MILL CREEK – Members at Mill Creek Country Club have apparently taken a big step, and perhaps the biggest step, toward the purchase of their private golf club from Trajal USA, Inc.
According to Barney Dotson, president of the Mill Creek Country Club Association and chair of the club’s purchase committee, roughly $4 million of the $5.2 million sale price has been raised, or about $1 million more than the members’ initial fundraising goal.
Though approximately $1.2 million will have to be financed through a bank loan, members have pooled enough money to proceed with the purchase, Dotson said.
The money raised is “long beyond what people felt we would accomplish,” Dotson said. “I was sitting here worrying about raising $3 million, and we’re at $4 million. So now we can safely buy the club.
“We have a lot of work ahead of us, but we’re all excited and thrilled. We have to wait a few more weeks to get this under our belts … but I’m very confident that we’re home.”
Since opening in 1976, Mill Creek CC has been owned by private entities. First, by United Development Corporation (UDC), the original developer of the entire Mill Creek planned development community, and later by Trajal, which bought the golf course and adjacent tennis club from UDC in 2001.
Under the initial agreement with UDC, members had the first option to buy the club if it was ever up for sale. Some members pushed to buy the club when it was on the market in 2001, but the effort fell short and Trajal went ahead with the purchase.
But when Trajal announced its intention to sell in 2006, Mill Creek’s membership decided the time was right.
The process, though, was not without a few bumps. A dispute about the sales price ended up in court and there was other legal wranglings along the way, but a purchase-sale agreement with Trajal was reached in March and members began raising the necessary money.
Under Trajal, Mill Creek members owned nothing but the privilege of playing on the course. They now have the option to convert to $25,000 equity memberships, less the cost of their initial initiation fees. Most private golf clubs in the greater Seattle area are equity clubs (meaning members are the actual owners), including nearby Everett Golf and Country Club.
Dotson said roughly half the current members will convert to equity memberships, and another 25 equity memberships have been sold to new members.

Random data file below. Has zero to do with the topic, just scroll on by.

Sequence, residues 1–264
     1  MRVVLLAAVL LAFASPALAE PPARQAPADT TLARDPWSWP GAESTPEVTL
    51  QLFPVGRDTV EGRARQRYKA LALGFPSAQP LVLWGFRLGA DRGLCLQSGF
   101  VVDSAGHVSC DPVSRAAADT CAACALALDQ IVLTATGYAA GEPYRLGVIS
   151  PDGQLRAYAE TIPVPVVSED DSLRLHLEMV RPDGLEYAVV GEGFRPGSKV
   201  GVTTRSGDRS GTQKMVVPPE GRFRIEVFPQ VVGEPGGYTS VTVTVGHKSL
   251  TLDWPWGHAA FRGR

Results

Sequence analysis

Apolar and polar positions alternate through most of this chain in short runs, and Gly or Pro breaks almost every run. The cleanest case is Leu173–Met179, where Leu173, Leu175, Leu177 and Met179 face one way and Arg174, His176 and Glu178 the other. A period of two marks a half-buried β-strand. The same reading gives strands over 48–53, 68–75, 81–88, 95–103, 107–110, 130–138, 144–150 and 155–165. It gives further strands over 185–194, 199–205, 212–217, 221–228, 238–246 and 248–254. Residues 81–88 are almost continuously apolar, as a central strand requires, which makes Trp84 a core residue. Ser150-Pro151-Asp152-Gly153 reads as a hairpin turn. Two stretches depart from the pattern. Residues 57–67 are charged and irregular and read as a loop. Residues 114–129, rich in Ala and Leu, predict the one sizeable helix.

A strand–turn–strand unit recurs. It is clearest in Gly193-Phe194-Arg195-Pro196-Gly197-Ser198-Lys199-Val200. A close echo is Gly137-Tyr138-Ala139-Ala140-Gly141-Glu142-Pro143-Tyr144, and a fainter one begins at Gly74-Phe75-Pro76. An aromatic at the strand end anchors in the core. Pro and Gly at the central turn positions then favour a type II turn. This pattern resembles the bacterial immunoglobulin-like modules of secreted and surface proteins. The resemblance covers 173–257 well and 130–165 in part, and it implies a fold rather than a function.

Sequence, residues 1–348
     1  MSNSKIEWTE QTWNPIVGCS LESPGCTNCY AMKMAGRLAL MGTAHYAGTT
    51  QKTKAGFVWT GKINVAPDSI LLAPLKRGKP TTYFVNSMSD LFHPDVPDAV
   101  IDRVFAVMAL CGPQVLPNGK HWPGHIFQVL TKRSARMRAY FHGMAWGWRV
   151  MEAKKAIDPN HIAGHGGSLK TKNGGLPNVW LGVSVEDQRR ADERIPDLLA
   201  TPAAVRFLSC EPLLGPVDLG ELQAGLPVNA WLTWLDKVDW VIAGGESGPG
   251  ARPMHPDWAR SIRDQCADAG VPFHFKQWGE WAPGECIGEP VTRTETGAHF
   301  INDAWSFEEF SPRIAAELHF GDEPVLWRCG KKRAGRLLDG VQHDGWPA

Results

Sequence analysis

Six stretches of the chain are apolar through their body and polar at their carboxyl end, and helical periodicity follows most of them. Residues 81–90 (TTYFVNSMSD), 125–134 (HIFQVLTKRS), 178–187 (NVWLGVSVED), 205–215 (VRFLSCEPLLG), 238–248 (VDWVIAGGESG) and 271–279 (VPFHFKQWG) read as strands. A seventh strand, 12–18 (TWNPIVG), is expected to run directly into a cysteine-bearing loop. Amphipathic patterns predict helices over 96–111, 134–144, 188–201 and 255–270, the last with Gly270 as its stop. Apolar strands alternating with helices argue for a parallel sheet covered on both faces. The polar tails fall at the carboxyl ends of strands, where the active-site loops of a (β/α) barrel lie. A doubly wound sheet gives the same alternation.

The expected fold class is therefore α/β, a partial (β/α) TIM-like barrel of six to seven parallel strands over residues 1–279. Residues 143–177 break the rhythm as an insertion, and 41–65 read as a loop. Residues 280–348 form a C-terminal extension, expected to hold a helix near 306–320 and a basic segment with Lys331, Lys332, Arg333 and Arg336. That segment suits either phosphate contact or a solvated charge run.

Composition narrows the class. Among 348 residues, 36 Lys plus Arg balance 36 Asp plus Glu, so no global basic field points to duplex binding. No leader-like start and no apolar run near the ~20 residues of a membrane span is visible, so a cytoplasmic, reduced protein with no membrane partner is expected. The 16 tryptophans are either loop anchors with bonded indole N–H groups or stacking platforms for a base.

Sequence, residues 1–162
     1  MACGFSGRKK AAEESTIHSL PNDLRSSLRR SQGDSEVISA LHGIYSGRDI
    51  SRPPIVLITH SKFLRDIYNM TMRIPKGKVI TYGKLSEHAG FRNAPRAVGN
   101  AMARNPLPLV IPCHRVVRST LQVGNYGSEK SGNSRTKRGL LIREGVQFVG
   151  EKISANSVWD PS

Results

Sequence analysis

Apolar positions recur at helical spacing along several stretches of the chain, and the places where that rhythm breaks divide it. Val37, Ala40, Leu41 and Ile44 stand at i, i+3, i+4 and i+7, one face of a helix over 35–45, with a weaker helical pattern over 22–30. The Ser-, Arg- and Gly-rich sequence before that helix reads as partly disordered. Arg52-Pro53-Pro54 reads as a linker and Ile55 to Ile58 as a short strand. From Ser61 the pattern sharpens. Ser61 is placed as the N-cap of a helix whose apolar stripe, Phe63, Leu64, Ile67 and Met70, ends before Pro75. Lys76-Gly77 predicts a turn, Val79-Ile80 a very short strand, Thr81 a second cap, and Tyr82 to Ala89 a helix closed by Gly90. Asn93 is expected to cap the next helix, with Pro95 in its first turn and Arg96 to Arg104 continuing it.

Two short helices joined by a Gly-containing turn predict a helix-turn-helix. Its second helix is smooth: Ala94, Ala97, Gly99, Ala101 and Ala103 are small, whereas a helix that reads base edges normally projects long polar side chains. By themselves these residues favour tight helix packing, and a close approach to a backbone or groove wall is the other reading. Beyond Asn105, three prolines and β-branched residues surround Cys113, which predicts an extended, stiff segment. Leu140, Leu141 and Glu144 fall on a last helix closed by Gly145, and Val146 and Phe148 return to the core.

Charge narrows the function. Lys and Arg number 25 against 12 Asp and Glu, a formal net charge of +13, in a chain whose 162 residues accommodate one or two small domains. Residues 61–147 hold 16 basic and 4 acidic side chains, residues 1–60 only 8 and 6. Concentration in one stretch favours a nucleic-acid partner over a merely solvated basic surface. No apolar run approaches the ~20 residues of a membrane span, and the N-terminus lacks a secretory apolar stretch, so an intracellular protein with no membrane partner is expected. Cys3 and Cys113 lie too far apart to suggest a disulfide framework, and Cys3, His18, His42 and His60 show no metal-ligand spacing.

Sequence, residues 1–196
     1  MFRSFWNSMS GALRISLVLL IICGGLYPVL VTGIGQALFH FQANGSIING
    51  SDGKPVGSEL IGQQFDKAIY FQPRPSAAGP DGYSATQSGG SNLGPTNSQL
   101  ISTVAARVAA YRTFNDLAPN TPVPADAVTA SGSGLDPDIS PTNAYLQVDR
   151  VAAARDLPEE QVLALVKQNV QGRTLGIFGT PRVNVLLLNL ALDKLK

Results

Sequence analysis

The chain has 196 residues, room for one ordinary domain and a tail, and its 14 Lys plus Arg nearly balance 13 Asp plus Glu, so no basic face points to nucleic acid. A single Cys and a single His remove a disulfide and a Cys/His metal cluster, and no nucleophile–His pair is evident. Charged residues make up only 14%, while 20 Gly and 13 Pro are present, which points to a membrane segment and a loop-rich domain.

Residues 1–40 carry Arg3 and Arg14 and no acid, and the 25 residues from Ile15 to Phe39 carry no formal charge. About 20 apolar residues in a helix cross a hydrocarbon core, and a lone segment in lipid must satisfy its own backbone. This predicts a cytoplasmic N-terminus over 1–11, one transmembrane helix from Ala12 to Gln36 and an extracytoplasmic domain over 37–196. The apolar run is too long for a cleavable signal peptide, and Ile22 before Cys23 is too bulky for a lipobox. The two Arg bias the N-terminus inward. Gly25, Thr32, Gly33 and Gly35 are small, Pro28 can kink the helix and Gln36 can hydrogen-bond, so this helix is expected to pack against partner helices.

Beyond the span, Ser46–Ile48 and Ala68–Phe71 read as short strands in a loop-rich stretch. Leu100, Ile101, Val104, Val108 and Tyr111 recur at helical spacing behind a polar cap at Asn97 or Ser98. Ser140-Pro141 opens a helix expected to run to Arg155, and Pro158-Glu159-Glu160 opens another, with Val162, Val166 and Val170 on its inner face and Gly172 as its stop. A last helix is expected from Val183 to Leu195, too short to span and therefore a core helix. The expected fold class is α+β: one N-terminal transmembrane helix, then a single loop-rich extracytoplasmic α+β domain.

Club members who do not convert can retain their current memberships (which include monthly dues that all members pay), but will not own shares in the facilities, Dotson said.
The target for equity memberships is 400, he added, though it may be some time before that figure is reached.
Dotson said he hopes to see the sale closed by the end of June, though the actual deadline is near the end of July.
There are still several issues to address, he went on. Among them, the club must get financing for the balance of the purchase price, complete articles for incorporation, hire an accounting firm, file paperwork to be a social non-profit organization, and hire a general manager.
“There’s a lot of paperwork that has to get done,” Dotson acknowledged, “but we’ll get it done in due time. … The path is clear for us. I don’t see anything that’s going to cause us to not to close.”
Garry Loncon, treasurer of the Mill Creek board and a member of the purchase committee, said the enthusiasm for equity memberships “has exceeded our expectations.”
“Maybe,” he said, “it goes to the fact that there is a willing audience out there that wants to participate in a proprietary-owned country club of the stature of Mill Creek.”
To this point, Loncon added, members have not had a real say in issues related to their golf club. But now decisions about such matters as operation and maintenance “will all be in the members’ hands. … We will now have a direct voice in how the facility is managed.”
Also, members will now be able to boast about their club with a little more pride – call it the pride of ownership.
“I think we have one of the nicest tracts in the Northwest,” Dotson said. “You never get tired of playing Mill Creek, and I’ve been a member here since 1982. It’s not one of the longest courses around, but it’s a very challenging course.”
Noted golf course architect Ted Robinson – his other designs in the Seattle area include Redmond’s Sahalee Country Club and Kent’s Meridian Valley Country Club – did “a fantastic job designing the course,” Dotson said. “His courses are a pleasure to play.”
Once the sale goes through, he added, “We think we’re going to be offering people in south Snohomish County the opportunity to be at one of the finest private country clubs in the Seattle area.”